Arts & Events

Berkeley, SF, San Jose Host Midsummer Mozart Festival

By Ira Steingroot Special to the Planet
Thursday July 17, 2008 - 10:00:00 AM

Beginning this evening and stretching over the next two and a half weeks, rabid Mozart fans can hear 17 of the master’s compositions played by two outstanding musical aggregations. The Midsummer Mozart Festival orchestra conducted by the illuminating George Cleve will perform five separate programs at six venues.  

The San Francisco Symphony led by assistant conductor James Gaffigan plays an All About Mozart program this evening as part of its Summer in the City concert series. The pieces to be performed will range from the early Divertimento, written in his hometown of Salzburg by the 17-year-old, yet already seasoned, composer, to the Andante for Mechanical Organ, composed in Vienna in 1791, just six months before his death at 35.  

Whether you like Mozart’s operas, symphonies, piano sonatas and concertos or the less rarely heard ballet, oboe and horn music, there is plenty to delight and surprise.  

For tonight’s San Francisco Symphony concert at 8 p.m. at Davies Hall, Gaffigan and the orchestra are joined by piano prodigies Peng Peng (15) and Conrad Tao (13) for the quintessential musical prodigy’s beautiful but infrequently performed Piano Concerto No. 10 for two pianos, composed by the 23-year-old Mozart for his sister and himself. Also on the program are the ballet music, a seldom-heard gem from the opera Idomeneo, and Mozart’s glorious final Symphony No. 41, appropriately named the Jupiter. 

For its first program of the season, the Midsummer Mozart Festival Orchestra will perform the aforementioned early Divertimento; the romantic Piano Concerto No. 23, featuring Jon Nakamatsu; the first of Mozart’s four last, increasingly complex symphonies, No. 38, known as “Prague” after its premiere there in 1786; and the lyrical Oboe Concerto, featuring Laura Griffiths. This piece has only been known in this form since the 1920s when it was discovered that Mozart’s Flute Concerto, K.314, was a transcription of this previously composed work for oboe. 

The Midsummer Mozart Festival program will be performed this evening, Thursday, July 17, 7:30 p.m., at Mission Santa Clara, SCU Campus, Santa Clara; Friday, July 18, 7:30 p.m., Herbst Theatre, San Francisco; Saturday, July 19, 6:30 p.m., Gundlach Bundschu Winery, Sonoma (outdoors), where dinner can be ordered with tickets; and Sunday, July 20, 7:30 p.m., First Congregational Church, here in Berkeley. 

The second program of the festival will feature two spectacular compositions, the Serenade for Woodwinds and Contrabass, “Gran Partita,” and the Piano Concerto No. 24, with Nikolai Demidenko as soloist. In the “Gran Partita” Mozart plays six pairs of horns and a string bass like an organ. These are the greatest horn orchestrations before Duke Ellington. The Piano Concerto, one of only two that he wrote in a minor key, was one of the few pieces by Mozart to be popular in the 19th century. Its emotional sturm und drang anticipates romanticism.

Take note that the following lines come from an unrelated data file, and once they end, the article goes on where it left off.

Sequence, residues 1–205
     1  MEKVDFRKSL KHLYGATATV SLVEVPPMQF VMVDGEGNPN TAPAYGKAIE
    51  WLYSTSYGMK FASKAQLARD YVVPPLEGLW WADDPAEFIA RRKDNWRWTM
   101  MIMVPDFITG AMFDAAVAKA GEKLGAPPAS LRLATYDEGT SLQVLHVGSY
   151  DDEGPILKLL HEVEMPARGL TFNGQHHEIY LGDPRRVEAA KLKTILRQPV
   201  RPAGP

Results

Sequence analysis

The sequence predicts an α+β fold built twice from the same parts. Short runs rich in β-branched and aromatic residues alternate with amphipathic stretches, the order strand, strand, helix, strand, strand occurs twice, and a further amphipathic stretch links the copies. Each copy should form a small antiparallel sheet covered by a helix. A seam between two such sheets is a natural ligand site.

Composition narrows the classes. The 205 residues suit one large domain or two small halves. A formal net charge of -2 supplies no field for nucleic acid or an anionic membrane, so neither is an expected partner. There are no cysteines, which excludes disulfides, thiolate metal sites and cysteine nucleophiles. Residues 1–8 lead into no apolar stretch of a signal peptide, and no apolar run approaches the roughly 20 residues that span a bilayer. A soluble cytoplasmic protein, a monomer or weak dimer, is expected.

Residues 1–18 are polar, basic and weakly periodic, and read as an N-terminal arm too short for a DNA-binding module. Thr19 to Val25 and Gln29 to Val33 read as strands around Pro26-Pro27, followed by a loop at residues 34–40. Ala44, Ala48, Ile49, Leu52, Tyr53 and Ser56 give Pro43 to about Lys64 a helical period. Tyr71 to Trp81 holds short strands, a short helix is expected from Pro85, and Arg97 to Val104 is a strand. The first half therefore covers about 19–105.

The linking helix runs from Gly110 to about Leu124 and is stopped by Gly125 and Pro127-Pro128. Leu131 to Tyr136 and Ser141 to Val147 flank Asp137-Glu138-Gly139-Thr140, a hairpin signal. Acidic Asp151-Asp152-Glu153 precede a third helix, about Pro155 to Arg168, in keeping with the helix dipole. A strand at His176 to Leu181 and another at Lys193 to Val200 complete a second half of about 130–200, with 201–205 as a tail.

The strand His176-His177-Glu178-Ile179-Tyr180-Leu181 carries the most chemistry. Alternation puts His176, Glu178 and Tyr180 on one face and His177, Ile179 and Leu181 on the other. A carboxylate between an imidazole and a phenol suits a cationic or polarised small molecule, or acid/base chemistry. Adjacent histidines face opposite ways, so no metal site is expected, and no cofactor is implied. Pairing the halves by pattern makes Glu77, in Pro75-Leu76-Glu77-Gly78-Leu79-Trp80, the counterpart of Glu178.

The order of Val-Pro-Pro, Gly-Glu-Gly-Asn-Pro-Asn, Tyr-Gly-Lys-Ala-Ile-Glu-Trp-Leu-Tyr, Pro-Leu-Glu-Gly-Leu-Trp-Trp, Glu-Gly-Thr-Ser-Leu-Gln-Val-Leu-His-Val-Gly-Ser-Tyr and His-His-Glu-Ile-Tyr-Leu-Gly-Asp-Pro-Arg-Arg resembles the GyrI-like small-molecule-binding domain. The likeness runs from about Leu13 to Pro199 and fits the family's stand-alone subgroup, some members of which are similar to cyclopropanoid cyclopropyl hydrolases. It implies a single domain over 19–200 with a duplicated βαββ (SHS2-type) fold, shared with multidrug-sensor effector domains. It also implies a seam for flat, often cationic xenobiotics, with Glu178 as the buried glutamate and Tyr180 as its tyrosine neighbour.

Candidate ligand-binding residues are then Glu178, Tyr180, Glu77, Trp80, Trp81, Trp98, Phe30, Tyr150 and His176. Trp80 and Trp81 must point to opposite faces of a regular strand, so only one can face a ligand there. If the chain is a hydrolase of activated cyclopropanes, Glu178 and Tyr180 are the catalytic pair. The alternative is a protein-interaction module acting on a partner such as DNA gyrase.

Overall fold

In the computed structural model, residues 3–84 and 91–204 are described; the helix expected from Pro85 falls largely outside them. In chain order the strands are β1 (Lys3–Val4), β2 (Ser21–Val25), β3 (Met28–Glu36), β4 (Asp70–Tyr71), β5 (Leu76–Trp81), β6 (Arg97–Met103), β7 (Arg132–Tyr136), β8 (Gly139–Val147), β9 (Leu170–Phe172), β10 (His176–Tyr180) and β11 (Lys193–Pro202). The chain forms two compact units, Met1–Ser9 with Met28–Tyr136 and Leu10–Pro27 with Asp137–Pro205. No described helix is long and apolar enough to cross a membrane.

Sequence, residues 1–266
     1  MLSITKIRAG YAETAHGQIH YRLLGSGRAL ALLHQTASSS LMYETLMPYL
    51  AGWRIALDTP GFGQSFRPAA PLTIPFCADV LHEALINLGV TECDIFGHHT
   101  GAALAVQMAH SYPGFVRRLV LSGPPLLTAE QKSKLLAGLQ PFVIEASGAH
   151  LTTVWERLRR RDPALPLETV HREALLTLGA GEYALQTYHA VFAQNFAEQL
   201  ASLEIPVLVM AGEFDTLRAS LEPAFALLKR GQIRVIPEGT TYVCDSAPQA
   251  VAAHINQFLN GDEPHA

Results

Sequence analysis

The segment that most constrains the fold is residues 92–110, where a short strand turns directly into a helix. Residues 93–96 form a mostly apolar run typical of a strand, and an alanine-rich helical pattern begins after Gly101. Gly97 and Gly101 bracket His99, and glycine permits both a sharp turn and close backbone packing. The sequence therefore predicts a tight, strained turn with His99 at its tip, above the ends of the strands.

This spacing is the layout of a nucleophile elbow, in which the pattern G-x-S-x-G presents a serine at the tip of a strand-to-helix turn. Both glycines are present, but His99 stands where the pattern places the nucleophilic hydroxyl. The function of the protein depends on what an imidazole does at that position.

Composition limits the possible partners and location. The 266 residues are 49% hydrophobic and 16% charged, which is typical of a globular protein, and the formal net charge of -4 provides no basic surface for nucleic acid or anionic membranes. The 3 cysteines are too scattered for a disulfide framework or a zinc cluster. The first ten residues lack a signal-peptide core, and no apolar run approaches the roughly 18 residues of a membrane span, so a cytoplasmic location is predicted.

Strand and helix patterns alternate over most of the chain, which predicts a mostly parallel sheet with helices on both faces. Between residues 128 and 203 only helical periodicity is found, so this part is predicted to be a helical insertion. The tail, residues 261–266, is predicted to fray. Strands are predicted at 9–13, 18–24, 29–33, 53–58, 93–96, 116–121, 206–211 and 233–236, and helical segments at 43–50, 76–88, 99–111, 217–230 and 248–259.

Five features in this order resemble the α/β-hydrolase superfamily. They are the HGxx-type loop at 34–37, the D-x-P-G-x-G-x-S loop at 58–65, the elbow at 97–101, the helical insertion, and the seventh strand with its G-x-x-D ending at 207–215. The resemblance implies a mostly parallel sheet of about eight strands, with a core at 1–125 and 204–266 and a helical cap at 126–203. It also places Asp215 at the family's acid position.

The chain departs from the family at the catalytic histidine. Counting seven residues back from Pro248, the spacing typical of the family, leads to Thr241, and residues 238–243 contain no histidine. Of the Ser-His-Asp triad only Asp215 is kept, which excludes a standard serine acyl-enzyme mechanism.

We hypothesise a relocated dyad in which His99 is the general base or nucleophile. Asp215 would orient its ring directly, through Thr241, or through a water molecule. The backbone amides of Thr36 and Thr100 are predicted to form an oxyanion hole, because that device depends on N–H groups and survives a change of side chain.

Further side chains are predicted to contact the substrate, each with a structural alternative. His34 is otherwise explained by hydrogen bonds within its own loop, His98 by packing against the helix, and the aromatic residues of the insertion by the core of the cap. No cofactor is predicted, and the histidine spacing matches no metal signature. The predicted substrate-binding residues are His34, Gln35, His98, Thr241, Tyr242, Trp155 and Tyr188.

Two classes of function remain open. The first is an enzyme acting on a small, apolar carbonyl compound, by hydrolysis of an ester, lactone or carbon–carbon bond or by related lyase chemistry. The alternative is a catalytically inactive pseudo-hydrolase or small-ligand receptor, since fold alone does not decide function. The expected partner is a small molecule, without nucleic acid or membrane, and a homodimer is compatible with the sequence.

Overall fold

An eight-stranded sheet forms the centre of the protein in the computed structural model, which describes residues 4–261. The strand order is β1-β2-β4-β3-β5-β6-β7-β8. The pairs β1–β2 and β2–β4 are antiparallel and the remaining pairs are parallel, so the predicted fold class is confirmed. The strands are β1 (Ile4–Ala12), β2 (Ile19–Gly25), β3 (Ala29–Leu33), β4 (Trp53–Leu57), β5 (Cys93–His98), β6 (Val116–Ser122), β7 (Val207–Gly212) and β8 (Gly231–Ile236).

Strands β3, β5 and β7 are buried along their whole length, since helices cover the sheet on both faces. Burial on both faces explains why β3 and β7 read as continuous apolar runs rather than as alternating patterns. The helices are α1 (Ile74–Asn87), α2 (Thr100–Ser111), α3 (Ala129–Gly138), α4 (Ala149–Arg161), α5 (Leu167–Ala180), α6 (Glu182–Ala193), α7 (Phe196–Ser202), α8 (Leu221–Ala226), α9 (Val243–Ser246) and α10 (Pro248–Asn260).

This second program will be performed Thursday, July 24, 7:30 p.m., Mission Santa Clara, SCU Campus, Santa Clara; Friday, July 25, 7:30 p.m., Herbst Theatre, San Francisco; Saturday, July 26, 6:30 p.m., Gundlach Bundschu Winery, Sonoma; and Sunday, July 27, 7:30 p.m., First Congregational Church, Berkeley. 

For its unprecedented third week of programming, Midsummer Mozart has come up with three ambitious concerts. First, a solo piano recital bringing back Nikolai Demidenko to perform well-known favorites such as the Piano Sonata, another dark piece in a minor key; and the Adagio, K.540; as well as less well-known works like the remarkable, Bach-influenced Praeludium and Fugue, K.394; the touching Allegro, which he wrote for his wife Constanze and her youngest sister Sophie; and the almost never performed Andante for a mechanical organ. As a lagniappe, Demidenko will also give out with all 24 Preludes of Chopin’s Op. 28. This concert will only be performed on Thursday, July 31, 7:30 p.m., First Congregational Church, Berkeley. 

The second added concert will be a semi-staged performance of the opera, The Abduction from the Seraglio, featuring sopranos Christina Major and Khori Dastoor, tenors Isaac Hurtado and Matthew O’Neill, bass-baritone Jeremy Galyon, and William Neely in the spoken role of Pasha Selim, under the direction of Barbara Heroux with George Cleve conducting the orchestra. Although staging will be minimal, the performers will be in costume. All of the spoken dialogue will be in English with all of the singing in German. The Abduction is famous for its compassion, brilliant music and “Turkish” percussion. The opera will be performed on Friday, Aug. 1, and Sunday, Aug. 3, 7:30 p.m., in the intimate California Theater, San Jose. 

Finally, in a unique piece of programming, George Cleve will share the baton with T. W. Kang, the ex-Intel executive and sometime classical conductor and pianist. Cleve will conduct the Piano Concerto No. 20, featuring Young Jean Park. Kang will conduct the “Prague” symphony and will share the piano keyboard with Park, his wife, for the intricate and technically demanding Five Variations on an Original Andante. This concert will only be performed on August 2, 7:30 p.m., Le Petit Trianon, San Jose.  


For more information on the Midsummer Mozart Festival, call (415) 627-9141 or see For more information about the San Francisco Symphony, call (415) 864-6000 or see